London’s SAUL director questions LDI costs
UK - David Bennett-Rees, trustee director at the Superannuation Arrangements of the University of London pension fund, has queried the costs involved in liability-driven investing.
He said in his experience trustees felt LDI, although a useful tool, was probably more worthwhile for providers than clients.
Speaking at the UK & Irish Pensions and Investing Summit in Dublin today, he argued that complex derivative and interest-rate swaps are not well understood by trustees. He added: "Trustees feel the cost of some of these instruments is not worth the money being paid to advisors."
"It is often forgotten that it's the trustees' duty to safeguard the assets and pay pensions," he explained.
He cited the example of pension fund tenders seeking returns of LIBOR + 4%, which bearing all the costs in mind might not be cost effective. He said: "Is it really more worthwhile for the investment provider? This worries trustees."
Underfunded schemes needed to generate returns, which they couldn't get with bonds but via equities and hedge funds and so on, Bennett-Rees told delegates.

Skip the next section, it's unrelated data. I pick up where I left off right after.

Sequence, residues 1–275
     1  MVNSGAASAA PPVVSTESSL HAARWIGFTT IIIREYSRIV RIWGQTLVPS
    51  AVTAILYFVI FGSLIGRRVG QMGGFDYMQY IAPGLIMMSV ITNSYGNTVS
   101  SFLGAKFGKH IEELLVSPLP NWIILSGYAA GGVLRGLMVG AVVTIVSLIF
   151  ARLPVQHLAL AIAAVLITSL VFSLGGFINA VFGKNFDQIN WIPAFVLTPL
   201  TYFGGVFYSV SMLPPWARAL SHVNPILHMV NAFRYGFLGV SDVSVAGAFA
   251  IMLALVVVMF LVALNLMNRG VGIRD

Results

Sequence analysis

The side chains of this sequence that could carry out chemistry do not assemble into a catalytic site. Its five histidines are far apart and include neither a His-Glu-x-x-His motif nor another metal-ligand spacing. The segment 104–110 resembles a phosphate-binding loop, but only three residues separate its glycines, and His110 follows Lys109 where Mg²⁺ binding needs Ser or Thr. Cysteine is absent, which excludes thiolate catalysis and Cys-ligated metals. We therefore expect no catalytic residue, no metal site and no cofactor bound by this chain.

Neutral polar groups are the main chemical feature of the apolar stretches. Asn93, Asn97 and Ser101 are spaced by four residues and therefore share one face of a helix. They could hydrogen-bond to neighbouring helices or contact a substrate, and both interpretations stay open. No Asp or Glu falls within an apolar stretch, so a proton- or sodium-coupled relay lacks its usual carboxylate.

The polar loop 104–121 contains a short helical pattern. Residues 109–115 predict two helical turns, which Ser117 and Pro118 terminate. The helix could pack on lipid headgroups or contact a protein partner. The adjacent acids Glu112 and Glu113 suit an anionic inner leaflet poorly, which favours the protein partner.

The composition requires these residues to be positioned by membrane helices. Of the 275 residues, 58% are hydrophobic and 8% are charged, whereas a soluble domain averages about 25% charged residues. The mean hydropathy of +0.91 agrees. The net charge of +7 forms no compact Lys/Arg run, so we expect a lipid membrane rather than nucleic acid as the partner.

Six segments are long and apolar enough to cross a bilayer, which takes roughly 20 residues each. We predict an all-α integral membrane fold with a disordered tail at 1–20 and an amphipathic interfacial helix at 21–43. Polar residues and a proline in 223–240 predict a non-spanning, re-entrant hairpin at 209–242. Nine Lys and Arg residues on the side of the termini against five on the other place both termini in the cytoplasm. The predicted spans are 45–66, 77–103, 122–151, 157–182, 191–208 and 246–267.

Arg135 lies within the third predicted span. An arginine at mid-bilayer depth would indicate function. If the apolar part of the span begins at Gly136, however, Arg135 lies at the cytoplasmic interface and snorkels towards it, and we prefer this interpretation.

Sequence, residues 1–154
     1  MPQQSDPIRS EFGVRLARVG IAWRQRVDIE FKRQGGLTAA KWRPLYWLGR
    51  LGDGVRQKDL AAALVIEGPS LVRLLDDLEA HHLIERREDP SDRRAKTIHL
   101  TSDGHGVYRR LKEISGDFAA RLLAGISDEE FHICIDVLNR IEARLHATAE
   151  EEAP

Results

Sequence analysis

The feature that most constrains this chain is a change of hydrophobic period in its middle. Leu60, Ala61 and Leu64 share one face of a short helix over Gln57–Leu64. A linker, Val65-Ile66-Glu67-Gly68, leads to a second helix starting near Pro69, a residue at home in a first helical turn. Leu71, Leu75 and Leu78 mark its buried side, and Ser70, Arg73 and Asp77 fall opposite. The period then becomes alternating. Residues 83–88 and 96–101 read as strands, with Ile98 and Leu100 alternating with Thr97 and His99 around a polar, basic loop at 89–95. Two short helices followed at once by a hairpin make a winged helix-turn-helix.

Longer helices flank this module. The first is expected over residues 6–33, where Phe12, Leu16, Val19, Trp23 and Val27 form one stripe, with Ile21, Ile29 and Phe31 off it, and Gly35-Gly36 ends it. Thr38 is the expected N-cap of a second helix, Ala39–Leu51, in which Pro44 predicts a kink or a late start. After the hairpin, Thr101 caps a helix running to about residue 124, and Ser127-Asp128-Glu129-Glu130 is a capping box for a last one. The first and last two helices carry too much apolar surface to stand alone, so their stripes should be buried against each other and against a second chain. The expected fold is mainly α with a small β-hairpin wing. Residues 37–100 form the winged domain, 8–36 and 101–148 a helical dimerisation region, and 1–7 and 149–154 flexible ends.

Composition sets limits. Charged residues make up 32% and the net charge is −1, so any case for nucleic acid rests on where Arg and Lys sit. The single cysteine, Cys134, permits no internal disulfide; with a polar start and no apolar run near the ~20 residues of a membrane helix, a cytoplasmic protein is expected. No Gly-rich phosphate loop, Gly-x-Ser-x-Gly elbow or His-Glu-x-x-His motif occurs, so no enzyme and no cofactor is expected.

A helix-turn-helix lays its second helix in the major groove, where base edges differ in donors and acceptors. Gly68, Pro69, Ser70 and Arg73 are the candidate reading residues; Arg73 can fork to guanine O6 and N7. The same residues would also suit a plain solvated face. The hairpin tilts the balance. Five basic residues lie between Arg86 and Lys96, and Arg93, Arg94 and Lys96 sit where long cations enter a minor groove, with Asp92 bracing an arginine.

He pointed out that 50 years ago insurance companies tried to immunise their portfolios in exactly the same way pension funds are being told to now and that this approach was superseded by the cult of the equity espoused by George Ross-Goobey.
SAUL's strategy was to focus on risk-reducing assets and risk-enhancing assets. "You have to be broadminded about your investment techniques."
He summed up: "You need to be sure of your risk appetite and you need to be sure of your costs."
Meanwhile, Anne Maher, the chief executive of the Pensions Board, the Irish regulator, has called for common funding assumptions within Europe under the occupational pension fund directive.
"We do see the need for common funding assumptions across Europe," Maher told the event. She pointed out how each European Union member state has very different funding requirements, and that some continental European states found the concept of "underfunded" difficult due to the lack of funded schemes.
The Institutions for Occupational Retirement Provision's article that schemes needed to be fully funded at all times was a "virtually impossible requirement" that hadn't been thought through, Maher told delegates. It that were the case there wouldn't be any cross-border funds at all, she argued.
Under current Irish legislation, schemes are allowed a 10-year recovery period from underfunding, which is under review for cross-border funds. "It's a question we're going to have to answer in the near future," Maher said - otherwise it would lead to a mixed bag.